Faster RAM will give your PC better performance in certain specific benchmarks, but in terms of actual benefit to most users, having more RAM available is almost always better than having faster RAM. So if you’re on the fence about purchasing 8GB of DDR4 RAM with a speed rating of 3200 or 16GB of DDR4 RAM with a rating of 2400, go with the second option every time. It also means that overclocking RAM in the system BIOS is rarely worth the effort.
This is especially true for gaming. If your computer has a discrete graphics card, then games will rely primarily on the video card’s own memory (labelled as “GDDR,” specifically designed for visual applications) to handle these functions. Note: since your graphic’s card’s memory is mounted directly onto the graphics card PCB, it can’t be upgraded by the end user. Again, choosing a card with more memory is generally better than one with faster memory.
Faster RAM can help visual performance with computers that use an integrated GPU, like Intel’s non-discrete designs or AMD’s Accelerated Processing Unit series. That’s because this setup relies on system memory for graphics performance. It can also make a more obvious difference for machines that are constantly accessed from multiple points, like a high-traffic web server or a virtual machine host. But for most users, it just isn’t a big deal.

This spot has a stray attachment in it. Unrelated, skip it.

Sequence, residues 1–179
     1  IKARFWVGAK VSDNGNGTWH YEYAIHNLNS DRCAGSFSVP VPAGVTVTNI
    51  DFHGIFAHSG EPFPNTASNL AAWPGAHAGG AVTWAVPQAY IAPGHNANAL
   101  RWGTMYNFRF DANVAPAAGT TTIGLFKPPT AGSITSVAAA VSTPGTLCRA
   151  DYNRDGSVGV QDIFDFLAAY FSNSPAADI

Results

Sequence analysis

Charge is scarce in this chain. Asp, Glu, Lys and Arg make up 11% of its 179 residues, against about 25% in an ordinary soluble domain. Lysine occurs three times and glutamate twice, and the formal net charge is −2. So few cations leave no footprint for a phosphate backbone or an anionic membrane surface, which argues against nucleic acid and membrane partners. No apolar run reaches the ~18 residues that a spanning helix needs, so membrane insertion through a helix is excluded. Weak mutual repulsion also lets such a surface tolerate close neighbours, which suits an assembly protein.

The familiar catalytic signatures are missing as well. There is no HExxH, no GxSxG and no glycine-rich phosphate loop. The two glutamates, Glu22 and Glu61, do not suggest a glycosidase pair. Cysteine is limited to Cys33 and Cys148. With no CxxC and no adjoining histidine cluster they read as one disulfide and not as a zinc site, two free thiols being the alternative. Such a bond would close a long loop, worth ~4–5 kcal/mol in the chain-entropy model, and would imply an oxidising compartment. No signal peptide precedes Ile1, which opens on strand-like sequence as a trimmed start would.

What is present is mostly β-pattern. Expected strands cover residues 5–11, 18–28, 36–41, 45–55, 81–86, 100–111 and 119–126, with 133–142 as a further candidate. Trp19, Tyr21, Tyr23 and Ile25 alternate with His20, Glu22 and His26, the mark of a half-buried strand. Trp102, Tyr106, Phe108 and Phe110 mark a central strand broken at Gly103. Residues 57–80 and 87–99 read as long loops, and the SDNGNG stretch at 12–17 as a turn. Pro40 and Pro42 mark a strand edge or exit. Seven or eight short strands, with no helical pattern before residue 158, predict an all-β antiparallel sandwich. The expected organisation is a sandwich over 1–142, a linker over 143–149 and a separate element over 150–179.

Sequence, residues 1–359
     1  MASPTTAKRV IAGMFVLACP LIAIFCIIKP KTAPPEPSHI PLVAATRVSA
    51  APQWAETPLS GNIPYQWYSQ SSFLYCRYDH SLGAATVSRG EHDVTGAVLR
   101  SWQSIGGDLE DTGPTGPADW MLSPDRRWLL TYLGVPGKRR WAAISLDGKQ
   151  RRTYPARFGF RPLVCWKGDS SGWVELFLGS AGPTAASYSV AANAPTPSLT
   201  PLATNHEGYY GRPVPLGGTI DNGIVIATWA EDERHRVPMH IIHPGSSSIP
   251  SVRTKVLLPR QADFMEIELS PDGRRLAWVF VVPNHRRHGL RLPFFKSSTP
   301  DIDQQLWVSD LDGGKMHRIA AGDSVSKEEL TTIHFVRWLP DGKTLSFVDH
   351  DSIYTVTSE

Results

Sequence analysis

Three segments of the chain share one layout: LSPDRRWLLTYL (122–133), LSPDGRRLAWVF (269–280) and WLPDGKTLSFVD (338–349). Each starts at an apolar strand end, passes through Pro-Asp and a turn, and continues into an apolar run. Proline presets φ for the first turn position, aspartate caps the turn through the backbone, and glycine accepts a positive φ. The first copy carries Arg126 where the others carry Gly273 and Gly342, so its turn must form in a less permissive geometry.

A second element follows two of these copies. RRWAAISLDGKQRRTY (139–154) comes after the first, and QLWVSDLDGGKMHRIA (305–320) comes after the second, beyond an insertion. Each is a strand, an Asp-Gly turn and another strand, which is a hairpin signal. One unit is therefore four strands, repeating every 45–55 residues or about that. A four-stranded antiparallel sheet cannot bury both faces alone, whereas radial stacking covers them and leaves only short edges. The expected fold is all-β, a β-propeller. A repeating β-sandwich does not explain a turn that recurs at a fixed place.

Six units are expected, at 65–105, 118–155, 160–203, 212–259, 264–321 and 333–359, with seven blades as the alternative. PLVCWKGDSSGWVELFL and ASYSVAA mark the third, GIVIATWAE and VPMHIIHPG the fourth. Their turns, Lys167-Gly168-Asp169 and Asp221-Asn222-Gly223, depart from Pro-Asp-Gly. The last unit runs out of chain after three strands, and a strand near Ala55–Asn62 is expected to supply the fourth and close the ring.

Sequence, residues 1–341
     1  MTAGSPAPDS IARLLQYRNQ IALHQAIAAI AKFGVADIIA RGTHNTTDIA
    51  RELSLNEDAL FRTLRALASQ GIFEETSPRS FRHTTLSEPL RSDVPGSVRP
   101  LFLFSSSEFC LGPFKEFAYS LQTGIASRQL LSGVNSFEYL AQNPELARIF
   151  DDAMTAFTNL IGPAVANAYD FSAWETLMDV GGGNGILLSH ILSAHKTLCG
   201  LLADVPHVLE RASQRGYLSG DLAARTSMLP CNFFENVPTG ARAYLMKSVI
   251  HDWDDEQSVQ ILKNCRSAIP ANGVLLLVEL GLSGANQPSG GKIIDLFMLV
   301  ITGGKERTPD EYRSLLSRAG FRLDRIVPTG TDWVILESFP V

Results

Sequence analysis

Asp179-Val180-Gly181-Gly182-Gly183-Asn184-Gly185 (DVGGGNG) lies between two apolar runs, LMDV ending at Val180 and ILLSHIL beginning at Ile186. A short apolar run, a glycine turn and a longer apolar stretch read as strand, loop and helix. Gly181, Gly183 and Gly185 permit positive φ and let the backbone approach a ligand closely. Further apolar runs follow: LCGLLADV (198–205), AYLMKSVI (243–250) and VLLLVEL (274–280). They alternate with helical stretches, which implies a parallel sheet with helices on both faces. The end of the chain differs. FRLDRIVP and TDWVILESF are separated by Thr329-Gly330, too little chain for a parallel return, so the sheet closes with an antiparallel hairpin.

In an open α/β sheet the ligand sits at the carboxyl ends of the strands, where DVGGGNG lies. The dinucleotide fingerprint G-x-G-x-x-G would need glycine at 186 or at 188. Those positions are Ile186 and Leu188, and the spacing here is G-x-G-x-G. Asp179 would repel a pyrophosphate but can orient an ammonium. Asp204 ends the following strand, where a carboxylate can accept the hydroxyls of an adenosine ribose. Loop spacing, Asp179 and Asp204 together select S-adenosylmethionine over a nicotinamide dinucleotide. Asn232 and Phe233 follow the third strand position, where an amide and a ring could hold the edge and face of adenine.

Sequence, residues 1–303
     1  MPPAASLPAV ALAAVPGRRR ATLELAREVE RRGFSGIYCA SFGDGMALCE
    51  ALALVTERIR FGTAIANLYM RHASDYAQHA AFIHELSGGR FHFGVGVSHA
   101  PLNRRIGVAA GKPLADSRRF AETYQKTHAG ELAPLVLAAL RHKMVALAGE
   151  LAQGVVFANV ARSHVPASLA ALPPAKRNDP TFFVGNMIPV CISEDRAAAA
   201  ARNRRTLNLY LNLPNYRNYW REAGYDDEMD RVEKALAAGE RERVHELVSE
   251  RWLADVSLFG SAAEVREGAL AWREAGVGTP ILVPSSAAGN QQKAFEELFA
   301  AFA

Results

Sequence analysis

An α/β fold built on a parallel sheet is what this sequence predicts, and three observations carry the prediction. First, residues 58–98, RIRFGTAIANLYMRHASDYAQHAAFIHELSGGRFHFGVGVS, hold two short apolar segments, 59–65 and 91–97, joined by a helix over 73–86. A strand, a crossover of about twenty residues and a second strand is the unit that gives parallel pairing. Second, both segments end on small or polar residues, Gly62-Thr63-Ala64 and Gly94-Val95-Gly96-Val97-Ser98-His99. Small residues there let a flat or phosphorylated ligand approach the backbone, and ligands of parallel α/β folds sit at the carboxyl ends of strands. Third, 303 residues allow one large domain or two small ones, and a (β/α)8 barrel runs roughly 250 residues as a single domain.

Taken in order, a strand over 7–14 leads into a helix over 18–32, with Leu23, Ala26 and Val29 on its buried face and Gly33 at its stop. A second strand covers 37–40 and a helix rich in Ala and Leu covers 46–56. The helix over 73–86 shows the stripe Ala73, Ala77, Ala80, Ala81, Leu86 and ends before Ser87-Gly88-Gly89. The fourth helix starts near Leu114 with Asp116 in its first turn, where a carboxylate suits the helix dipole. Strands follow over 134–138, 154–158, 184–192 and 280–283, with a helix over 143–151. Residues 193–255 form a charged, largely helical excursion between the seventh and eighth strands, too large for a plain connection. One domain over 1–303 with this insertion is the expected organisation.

DDR2, DDR3, DDR4, and Speed Compatibility
RAM comes in different generations, with updated standards allowing faster and faster access to the data stored in memory. The original DDR standard—short for “Double Data Rate”—succeeded Single Data Rate RAM way back in 2000, and we’re currently on DDR version 4. DDR3 RAM introduced in 2007 is still used in older or cheaper PCs.